Today I ran

I got up this morning and ran on the treadmill. Mostly because I ate a blizzard last night and completely blew my calorie count for the day, but also because taking three or four days off between runs makes the running I do sort of…hard.

Sometimes when I run I let my mind wander places it normally wouldn’t go. This morning I was thinking about how I got into running. In elementary school I was NOT into sports. I hated the thought of doing anything more active than riding my bike to the library to check out books I should NOT have been reading – hellloooo? Dad? Your 10 year old is reading “Carrie” and wishing she was telekinetic. In junior high, I played volleyball and basketball but stayed far far away from track – who would be lame enough to do THAT?! Then I moved to Shithole, Colorado (otherwise known as Cotopaxi – sorry, Stephi). I played volleyball and basketball that first year and when track rolled around I joined because everyone else did. I was going to be a high jumper not because I could actually jump, but because I thought they wouldn’t have to run. Turns out, I couldn’t jump. Not at all. Not even a little bit. So at our first “practice meet” my coach said, “go try running the 100.” I did. I beat everyone. Whoa. Weird. So I started running. I was always a sprinter, though. No distance for me. Then at the end of the season, my coach said, “we’re starting a cross country team next year and I think you should join.” Uh… He said, “you’re a terrible volleyball player (yes, I was), so you should do this to at least get in shape for basketball (which was “MY” sport).” He was a smart man, that one.

So I began cross country. And I was TERRIBLE. I didn’t want it to hurt, so I went slow. Or I walked. That first year, I finished last at the state meet (after riding the coattails of my teammates to get there – thanks, Stephi!). It did make me better at basketball though and even in track. And for three years I ran every fall and every spring. And I sort of liked it. And then I went to college and I ran there – and I made it hurt, both on the roads and on the track. And I got to be okay at it, but more importantly, I started to like it a lot.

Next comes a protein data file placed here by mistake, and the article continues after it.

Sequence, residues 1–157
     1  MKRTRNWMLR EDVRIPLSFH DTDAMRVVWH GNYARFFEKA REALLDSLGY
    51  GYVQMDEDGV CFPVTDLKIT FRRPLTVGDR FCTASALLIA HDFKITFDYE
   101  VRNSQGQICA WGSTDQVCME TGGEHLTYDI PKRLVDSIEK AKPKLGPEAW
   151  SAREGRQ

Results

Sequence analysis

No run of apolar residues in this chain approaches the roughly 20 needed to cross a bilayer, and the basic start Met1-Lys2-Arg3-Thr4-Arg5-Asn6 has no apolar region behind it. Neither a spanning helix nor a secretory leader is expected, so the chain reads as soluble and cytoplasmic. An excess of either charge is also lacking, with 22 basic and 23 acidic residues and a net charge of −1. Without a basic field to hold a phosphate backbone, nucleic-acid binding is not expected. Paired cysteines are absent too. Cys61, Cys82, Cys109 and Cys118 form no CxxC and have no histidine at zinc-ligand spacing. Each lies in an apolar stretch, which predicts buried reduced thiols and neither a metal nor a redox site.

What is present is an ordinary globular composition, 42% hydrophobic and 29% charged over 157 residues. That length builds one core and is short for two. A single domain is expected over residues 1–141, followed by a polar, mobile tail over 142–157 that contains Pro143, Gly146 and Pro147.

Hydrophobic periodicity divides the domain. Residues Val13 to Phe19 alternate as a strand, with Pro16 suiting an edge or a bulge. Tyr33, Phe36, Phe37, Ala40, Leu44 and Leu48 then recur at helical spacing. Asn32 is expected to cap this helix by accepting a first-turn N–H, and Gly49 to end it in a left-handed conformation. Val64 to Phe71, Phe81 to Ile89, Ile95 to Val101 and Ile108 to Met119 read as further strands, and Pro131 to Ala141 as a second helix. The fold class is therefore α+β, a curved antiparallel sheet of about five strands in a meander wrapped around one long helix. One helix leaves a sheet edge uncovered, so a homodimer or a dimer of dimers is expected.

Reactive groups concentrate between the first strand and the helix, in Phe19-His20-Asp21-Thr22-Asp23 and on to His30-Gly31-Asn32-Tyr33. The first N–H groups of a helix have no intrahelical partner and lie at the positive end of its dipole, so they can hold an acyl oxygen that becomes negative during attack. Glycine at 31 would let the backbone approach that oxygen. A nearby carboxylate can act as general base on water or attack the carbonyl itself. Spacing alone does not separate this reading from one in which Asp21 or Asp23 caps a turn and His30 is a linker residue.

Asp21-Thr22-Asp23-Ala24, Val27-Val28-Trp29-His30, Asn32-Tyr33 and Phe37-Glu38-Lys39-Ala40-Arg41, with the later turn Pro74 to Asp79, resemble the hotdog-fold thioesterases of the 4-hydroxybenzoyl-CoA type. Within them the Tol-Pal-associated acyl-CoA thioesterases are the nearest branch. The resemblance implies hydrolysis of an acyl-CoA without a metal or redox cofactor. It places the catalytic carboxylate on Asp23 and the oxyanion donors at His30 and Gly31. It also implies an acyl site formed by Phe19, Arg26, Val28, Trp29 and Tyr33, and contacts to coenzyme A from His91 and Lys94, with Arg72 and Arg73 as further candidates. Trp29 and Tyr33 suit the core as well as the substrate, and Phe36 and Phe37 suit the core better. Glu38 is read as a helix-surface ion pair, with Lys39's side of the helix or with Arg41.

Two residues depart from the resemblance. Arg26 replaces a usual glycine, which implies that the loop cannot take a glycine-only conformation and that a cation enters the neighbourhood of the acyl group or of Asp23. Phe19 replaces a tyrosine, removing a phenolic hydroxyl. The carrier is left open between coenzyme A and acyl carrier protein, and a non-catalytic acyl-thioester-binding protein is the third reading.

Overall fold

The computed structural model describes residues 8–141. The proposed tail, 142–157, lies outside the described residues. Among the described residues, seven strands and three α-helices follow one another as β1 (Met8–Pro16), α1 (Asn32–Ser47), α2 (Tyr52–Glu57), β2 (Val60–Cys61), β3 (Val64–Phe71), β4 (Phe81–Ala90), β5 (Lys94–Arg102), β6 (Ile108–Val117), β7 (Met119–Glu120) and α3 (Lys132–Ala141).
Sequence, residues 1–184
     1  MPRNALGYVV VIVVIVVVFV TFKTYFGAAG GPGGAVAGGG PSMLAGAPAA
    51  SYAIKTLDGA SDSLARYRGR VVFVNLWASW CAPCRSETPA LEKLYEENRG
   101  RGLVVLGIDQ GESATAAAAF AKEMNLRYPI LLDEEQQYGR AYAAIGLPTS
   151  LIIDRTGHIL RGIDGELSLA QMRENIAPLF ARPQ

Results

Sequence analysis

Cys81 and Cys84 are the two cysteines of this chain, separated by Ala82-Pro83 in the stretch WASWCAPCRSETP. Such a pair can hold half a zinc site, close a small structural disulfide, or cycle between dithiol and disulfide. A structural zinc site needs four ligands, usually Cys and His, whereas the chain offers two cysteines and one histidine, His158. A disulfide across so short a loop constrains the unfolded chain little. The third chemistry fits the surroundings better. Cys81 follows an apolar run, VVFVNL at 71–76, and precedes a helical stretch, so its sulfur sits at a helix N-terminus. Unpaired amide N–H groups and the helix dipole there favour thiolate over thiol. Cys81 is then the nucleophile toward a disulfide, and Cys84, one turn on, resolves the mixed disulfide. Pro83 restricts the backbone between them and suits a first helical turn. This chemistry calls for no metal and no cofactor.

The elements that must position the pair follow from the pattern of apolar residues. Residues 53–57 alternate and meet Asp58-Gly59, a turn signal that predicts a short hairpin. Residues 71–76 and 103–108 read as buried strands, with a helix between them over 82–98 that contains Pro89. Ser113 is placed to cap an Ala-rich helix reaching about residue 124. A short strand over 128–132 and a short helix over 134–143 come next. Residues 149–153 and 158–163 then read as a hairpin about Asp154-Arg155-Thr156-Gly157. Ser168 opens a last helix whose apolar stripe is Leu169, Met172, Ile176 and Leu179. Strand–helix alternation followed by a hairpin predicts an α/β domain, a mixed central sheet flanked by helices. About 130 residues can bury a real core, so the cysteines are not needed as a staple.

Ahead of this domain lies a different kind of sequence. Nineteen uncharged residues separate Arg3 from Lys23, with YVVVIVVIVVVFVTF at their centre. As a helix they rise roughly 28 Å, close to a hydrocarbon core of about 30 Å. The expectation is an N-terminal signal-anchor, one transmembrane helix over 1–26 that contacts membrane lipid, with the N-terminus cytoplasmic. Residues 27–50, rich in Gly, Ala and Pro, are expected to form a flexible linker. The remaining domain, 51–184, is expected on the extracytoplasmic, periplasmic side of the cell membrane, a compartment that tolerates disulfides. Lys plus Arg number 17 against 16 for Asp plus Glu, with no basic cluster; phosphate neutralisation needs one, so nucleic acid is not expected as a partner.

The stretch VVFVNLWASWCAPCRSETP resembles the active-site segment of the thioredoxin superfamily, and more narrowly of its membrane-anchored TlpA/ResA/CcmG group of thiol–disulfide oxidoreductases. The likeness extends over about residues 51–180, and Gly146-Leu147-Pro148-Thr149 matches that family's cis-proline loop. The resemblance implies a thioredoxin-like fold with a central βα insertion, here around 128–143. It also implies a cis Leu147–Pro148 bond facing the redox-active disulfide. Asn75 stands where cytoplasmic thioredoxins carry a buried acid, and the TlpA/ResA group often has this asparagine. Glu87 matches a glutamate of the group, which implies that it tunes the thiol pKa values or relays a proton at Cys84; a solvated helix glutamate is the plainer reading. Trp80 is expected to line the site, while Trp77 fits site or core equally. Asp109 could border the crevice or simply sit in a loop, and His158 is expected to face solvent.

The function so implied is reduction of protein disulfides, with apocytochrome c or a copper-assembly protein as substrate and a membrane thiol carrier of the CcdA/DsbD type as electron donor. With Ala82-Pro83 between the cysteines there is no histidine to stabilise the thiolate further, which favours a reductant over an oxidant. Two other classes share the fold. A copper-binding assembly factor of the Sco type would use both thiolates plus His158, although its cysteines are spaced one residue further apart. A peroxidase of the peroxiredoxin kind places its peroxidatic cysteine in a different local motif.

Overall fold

Years went by and I ran on and off through coaching, through being pregnant with Megan, through my divorce, through needing to lose weight. Two years ago I started training for my first 10K and it was fun. I loved, like I always have, the racing. I loved being fit and toned and looking good. And then I stopped.

Why, I don’t know. It’s always been a love-hate thing with me: I love the product of sticking to it for weeks at a time, I hate getting through the first few weeks. I love the fitness, I hate the work. I love the race, I hate the training. I love that it gives me time to think, I hate what I sometimes think about.

But I’m back on the road (well, the treadmill…it’s cold). And it hurts. And I think about all I’ve lost and all that will be a challenge in the coming months. But then I think about how I got here. I think about my coaches and my friendships and my successes and I realize that at the heart of my life, running has always been a part of that. And I find a reason to go one more step, one more minute, one more mile.



  1. I enjoyed reading this today. I miss you! That is all.

  2. I’m with Leah – what a great post. I miss you, too!

  3. There’s something you CAN control…. Run on, my friend, run on! (And I never wanted it to hurt either – still don’t!! Difference is, I don’t do it. I’m glad you have the guts and the drive.)

  4. And…..he was a smart man – I don’t know about you but he was such an influence in my life. I sometimes wonder if teachers and coaches realize the impact they might be having on their students. I’d like to run into him again someday and let him know how much he meant to me – not in a weird school-girl crush sort of way – you know what I mean – right? From the way your students seem to respond to you (on FB) you must be one of those teachers/coaches too. That’s something to be proud of.

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